Pomegranates Slow Prostate Cancer

More good news for pomegranates! A new study in The Journal of Urology found pomegranate juice slows the doubling time of prostate specific antigen (PSA). PSA’s are used to track and diagnosis prostate cancer. For the study, participants, 48 men with rising PSA levels after surgery or radiotherapy, who drank one glass of pomegranate juice each day, had longer doubling times during a 56 month follow-up than men not drinking pomegranate juice; Nutra Ingredients investigates.

And last week, nutrients found pomegranates called polyphenols were shown to reduce cell inflammation, helping to prevent heart disease and diabetes. And other research revealed test subjects drinking pomegranate juice actually had better PSA scores.

In March, a report on fish linked omega-3 fatty acids with lower risk of prostate cancer. Dr. Fuhrman sells a DHA supplement that provides essential omega-3 fatty acids.

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Low-Fat Diets Heart Healthier After Weight-Loss

New findings in the Journal of the American Dietetic Association reveal diets low in saturated fat are healthier and help keep LDL, or “bad cholesterol”, in check after someone loses weight. For the study, experts assigned 26 healthy, non-obese diets to one diet, Atkins, South Beach or Ornish, for one month apiece, with the intent of studying biological effects of each diet, specifically cholesterol, blood vessel function and inflammation. Data concluded high-fat diets, like Atkins, raised LDL, but the low-fat, vegetarian Ornish style had the best affect on blood vessel function; Reuters reports.

A low-fat diet, i.e. eating less animal foods and more fruits and veggies, has been proven to not only prevent heart trouble, but reserve it. And just last week, scientists found pomegranates help fight cell inflammation that can lead to heart disease. Also, a previous report observed fad diets, such as high-protein low-carbohydrate, don’t hold up overtime, with dieters gaining back weight after only six months.

High-fat diets, like Atkins, are dangerous. A recent study showed participants eating an Atkins diet plan, consuming 50% saturated fat, performed the worst on blood vessel testing.

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Q & A: Nutrition and Your Smile...

Not everyone has a supermodel smile. Sometimes I think I have a mouth like a bad boxer. Now, in addition to brushing your choppers and avoiding rock candy, nutrition may play a role too. Recently, a brief Q & A about teeth and a healthy diet ensued in Dr. Fuhrman’s member center:

Question: Every so often I see something about a relationship between healthy teeth and gums or taking care of one's teeth and gums and overall health. Do you think the relationship is the kind of diet that causes healthy teeth and gums is also causing health through the body, or something else?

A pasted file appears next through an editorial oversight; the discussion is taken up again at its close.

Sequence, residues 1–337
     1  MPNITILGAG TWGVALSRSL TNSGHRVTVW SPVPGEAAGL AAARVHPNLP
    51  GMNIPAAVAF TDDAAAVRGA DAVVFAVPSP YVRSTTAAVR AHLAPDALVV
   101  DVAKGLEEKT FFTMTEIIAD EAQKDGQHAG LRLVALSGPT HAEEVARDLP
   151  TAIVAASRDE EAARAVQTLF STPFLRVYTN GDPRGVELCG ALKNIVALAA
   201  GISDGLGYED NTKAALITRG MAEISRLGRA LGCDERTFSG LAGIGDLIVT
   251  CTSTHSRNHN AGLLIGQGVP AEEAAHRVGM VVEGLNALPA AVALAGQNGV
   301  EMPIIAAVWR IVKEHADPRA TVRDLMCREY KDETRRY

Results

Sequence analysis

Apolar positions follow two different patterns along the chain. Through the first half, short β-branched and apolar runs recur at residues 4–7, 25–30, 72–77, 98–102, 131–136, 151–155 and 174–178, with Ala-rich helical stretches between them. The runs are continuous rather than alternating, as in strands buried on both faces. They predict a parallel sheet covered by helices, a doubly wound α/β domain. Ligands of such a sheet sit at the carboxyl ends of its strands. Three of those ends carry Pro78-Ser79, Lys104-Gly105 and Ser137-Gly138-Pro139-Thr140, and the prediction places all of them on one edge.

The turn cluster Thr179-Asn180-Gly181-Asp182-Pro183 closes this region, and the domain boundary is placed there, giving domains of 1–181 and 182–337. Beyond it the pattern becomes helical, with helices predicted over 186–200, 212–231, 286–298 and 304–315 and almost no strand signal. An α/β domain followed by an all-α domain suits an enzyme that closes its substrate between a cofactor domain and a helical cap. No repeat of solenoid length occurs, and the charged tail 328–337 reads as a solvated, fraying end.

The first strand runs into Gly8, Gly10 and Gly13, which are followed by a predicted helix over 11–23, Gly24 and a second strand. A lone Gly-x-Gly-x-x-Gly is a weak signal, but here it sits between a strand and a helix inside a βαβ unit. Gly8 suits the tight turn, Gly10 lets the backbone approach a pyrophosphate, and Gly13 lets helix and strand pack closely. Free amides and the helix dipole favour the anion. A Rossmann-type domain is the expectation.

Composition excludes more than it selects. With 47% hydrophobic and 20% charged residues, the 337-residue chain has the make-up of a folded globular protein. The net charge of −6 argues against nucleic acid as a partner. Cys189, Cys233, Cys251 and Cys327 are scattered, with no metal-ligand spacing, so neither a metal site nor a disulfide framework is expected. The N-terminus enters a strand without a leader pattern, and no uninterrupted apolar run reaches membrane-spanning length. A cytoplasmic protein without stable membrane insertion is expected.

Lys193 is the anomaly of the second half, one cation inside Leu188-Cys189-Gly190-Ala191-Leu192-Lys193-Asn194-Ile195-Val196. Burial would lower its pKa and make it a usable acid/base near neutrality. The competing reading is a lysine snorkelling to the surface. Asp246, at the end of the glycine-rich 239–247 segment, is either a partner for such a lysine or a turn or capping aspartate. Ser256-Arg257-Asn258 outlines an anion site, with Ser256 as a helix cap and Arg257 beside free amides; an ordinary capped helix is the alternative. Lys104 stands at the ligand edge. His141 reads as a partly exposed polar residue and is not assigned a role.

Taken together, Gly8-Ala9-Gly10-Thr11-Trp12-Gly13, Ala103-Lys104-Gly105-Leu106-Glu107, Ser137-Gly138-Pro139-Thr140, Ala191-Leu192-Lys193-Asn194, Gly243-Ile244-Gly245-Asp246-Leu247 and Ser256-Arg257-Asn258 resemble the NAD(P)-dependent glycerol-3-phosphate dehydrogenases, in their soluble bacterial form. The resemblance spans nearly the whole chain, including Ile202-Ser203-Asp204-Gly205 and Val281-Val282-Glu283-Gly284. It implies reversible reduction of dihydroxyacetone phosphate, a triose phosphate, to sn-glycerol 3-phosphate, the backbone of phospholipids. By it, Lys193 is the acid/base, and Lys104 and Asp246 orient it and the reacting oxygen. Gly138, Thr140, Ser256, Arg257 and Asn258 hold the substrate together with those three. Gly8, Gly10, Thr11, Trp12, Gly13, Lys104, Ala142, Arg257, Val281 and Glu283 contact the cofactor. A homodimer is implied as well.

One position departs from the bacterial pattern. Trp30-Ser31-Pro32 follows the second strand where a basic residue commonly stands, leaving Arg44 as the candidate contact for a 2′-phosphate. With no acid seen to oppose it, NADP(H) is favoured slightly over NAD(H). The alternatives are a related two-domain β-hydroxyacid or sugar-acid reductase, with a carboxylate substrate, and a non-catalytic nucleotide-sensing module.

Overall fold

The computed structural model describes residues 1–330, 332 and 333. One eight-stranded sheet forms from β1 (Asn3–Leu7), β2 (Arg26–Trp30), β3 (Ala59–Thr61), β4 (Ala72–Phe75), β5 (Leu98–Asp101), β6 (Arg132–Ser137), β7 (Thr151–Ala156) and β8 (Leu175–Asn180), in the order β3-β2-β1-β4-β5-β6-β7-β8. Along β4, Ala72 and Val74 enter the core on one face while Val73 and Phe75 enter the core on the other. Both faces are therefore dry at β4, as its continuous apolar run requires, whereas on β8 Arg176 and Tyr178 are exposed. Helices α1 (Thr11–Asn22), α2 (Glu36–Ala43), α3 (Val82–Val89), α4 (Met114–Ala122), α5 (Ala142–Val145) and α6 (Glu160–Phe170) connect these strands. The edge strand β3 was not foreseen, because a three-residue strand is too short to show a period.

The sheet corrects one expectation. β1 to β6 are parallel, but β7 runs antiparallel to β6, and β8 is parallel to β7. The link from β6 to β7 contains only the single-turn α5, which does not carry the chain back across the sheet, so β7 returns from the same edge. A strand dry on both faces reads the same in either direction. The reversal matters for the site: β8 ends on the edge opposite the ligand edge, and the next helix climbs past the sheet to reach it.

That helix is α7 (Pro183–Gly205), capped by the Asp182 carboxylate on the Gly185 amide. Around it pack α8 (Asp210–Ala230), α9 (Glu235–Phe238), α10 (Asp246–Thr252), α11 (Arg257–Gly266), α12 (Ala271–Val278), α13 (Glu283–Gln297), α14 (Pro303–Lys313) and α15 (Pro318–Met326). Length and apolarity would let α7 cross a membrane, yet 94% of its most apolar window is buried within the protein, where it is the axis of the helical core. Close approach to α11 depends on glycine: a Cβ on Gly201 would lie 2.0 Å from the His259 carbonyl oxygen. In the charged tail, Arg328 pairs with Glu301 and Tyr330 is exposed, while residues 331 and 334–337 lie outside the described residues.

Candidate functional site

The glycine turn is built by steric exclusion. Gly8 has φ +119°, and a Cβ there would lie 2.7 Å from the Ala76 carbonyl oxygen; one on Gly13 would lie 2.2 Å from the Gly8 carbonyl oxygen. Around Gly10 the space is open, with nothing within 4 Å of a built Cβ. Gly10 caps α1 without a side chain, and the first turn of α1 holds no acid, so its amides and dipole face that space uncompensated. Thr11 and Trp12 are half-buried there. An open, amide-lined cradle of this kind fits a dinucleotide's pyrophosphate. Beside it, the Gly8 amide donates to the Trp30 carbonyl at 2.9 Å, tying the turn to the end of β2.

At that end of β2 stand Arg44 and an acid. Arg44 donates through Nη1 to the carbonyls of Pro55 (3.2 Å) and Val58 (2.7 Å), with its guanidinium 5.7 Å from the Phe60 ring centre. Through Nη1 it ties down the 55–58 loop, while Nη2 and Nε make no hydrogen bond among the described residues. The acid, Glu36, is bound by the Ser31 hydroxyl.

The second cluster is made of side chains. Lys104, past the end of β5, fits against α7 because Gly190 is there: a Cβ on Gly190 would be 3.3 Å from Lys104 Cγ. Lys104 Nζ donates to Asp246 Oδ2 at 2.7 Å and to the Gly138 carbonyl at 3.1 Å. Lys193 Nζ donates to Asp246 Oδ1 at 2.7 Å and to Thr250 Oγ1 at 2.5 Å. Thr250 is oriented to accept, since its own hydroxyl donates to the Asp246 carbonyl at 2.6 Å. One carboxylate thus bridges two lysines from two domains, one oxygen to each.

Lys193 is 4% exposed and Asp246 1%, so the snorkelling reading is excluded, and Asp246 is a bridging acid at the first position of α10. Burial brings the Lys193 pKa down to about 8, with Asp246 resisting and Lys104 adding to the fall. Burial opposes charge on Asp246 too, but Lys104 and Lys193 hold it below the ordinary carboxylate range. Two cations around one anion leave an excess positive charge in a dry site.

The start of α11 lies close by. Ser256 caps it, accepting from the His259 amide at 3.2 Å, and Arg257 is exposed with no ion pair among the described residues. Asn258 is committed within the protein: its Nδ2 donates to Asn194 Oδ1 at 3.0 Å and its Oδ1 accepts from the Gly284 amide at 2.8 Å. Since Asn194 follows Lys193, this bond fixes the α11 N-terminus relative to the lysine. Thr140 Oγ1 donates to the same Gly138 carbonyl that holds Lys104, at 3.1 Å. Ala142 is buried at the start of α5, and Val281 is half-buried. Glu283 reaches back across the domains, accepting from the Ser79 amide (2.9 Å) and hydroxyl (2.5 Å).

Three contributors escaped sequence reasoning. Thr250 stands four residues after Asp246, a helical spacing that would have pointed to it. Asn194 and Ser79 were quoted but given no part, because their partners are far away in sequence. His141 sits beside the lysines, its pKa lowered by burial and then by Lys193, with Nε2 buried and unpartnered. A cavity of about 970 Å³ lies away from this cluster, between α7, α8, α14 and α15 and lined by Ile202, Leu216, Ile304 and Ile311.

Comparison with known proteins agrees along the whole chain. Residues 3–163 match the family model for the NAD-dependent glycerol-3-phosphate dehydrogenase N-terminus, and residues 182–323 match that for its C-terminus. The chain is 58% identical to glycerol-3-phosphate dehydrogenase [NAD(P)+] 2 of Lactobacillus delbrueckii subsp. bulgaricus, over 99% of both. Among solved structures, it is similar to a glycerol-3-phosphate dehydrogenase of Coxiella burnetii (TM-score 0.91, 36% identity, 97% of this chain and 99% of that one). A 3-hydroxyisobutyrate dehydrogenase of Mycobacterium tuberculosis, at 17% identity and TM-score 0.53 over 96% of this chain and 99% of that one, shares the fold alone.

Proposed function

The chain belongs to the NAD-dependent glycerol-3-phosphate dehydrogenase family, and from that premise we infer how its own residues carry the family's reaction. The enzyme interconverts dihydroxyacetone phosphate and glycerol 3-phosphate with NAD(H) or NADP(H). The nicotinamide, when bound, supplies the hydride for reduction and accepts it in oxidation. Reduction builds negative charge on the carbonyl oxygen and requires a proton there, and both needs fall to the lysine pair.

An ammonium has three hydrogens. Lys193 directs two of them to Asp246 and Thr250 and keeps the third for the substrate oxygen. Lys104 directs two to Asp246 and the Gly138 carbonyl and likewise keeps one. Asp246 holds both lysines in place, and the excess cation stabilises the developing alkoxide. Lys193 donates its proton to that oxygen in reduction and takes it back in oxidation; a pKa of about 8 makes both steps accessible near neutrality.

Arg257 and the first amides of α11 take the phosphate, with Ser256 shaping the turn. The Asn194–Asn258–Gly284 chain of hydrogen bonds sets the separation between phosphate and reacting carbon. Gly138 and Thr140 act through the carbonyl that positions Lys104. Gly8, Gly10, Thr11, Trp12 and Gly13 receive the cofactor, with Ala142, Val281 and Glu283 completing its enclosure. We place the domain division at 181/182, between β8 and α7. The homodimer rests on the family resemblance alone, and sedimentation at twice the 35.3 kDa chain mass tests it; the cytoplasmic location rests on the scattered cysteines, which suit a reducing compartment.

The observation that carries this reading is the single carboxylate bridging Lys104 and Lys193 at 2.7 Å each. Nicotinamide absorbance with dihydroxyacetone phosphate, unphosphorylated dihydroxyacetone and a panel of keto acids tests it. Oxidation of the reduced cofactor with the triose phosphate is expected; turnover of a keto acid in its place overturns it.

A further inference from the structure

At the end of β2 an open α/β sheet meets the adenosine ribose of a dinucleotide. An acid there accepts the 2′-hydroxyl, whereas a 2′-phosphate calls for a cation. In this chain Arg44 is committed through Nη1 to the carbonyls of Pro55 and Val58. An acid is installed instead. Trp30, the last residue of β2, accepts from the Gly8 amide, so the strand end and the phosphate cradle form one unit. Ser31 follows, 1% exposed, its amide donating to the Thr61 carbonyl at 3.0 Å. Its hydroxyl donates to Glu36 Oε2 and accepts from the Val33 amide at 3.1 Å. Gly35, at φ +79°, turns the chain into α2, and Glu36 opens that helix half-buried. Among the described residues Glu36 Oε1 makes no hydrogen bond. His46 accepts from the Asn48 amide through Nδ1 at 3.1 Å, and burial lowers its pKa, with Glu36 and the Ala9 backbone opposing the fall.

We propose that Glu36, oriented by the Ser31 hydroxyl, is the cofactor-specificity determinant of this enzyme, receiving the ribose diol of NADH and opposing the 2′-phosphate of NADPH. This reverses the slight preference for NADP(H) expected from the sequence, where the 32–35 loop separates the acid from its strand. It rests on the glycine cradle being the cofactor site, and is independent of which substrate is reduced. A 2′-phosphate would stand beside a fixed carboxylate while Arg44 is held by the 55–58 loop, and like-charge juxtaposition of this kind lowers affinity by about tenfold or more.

Dr. Fuhrman: Poor dental hygiene can be a source of bacteria that seed the bloodstream that could be relevant in a person with poor nutrition and impaired immunity.

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Plant Flavonoids Reduce Ovarian Cancer Risk

New research in the International Journal of Cancer suggests plant-based flavonoids may lower ovarian cancer risk in women by protecting cells against damage. Flavonoids are antioxidants found in foods like seeds, nuts, celery and other green vegetables. For the study, scientists assessed the diet of 1,141 women with ovarian cancer and 1,183 women without over a one-week period, finding that women with the highest intake of the flavonoid apigenin had a “borderline significant decrease” in ovarian cancer risk; Reuters reports.

In July, a report showed flavonoids protect the heart by preventing free radicals and cell dysfunction, leading to heart trouble. And data has shown combining tomatoes with broccoli optimize the benefits of flavonoids. Apples and pears are also loaded with flavonoids.

Granted, all these healthful plant compounds are great, but instead of just eating fruits and vegetables. People prefer their butter and tortilla chips infused with nutrients. Yuck.

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Krypto the Super Dog Battles the Eggplant King

You comic book geeks know that Krypto is Superman’s loyal pet super dog. And in this episode Krypto, Streaky the super cat and their buddy Kevin take on some virtual vegetables and try to steal the Eggplant King’s crown:

 

 

I’m a Batman guy, plus I wasn’t sure if I should root for Krypto or the vegetables, I was torn. Anyway, I still wonder if a super dog poops and then drags his butt across the carpet.

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Pomegranates Fight Cell Inflammation

A new study in Journal of Inflammation claims polyphenols, plant nutrients that reduce the risk of cardiovascular disease and cancer, contained in pomegranate extract inhibit the production of inflammatory compounds, potentially preventing chronic inflammation associated with heart disease, Alzheimer's, osteoporosis, diabetes and arthritis. For the study, scientists stimulated cells to prompt an inflammatory response and then incubated the cells with pomegranate. Results showed pomegranate extract decreased pro-inflammatory reaction; Bakery and Snacks investigates.